What Hubble Taught us About Space

March 26, 2012


"Hubble Floating Free" NASA, 2002

How old is the universe and what can images from the Hubble Telescope teach us?

Edward J. Weiler is the former Associate Administrator of the Science Mission Directorate at NASA. He became Hubble's chief scientist in 1979, and remained so for 20 years. After so long in space, the Hubble's gyroscopes and sensors were failing, its batteries running down, and some of its instruments were already dead. The only hope to save Hubble was a mission so dangerous that in 2004 NASA cancelled it because it was considered too risky. Scientists and the general public alike stubbornly refused to abandon the telescope, and a new NASA administrator revived the mission.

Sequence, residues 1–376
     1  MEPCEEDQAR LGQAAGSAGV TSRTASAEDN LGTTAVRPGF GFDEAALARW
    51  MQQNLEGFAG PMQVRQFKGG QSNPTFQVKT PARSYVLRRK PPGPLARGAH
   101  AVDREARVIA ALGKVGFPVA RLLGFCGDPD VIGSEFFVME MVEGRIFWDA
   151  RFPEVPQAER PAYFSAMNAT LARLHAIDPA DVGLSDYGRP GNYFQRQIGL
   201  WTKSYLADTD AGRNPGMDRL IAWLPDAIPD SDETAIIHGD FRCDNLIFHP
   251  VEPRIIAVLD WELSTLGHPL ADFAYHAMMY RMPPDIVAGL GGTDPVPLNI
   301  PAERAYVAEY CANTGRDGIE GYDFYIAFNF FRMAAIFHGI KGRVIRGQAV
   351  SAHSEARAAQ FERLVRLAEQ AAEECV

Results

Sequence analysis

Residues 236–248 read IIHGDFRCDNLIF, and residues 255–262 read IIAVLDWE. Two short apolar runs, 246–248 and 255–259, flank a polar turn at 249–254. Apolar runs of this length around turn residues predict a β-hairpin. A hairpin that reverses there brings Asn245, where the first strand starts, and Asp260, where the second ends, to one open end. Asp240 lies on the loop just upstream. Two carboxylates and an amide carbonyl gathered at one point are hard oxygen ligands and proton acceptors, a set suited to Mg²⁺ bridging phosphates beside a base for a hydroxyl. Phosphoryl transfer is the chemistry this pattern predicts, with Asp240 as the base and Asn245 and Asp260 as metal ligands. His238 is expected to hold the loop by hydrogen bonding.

For his lead role in the Hubble science program, Dr. Weiler was awarded the NASA Outstanding Leadership Medal and the1994 Presidential Rank Award of Meritorious Executive.

An article by Weiler on The Huffington Post, accompanied by images from his book, "Hubble: A Journey Through Space and Time," describes the Hubble project as, "a herculean effort by thousands of dedicated individuals including scientists, managers, engineers, support staff, NASA center personnel, contractors, international partners and astronauts."

Video from NASA's Hubblesite: "Hubble Reborn". Hubble was specifically designed to be serviced and upgraded by visiting astronauts. This video is from Hubble’s 2002 mission and shows the instruments installed and the science they made possible.

NOVA: Hubble's Amazing Rescue
Sign Up

Sign-up for WGBH Science updates, WGBH promotions, and previews of what's coming up on WGBH TV.




Support for WGBH is provided by:
Become a WGBH sponsor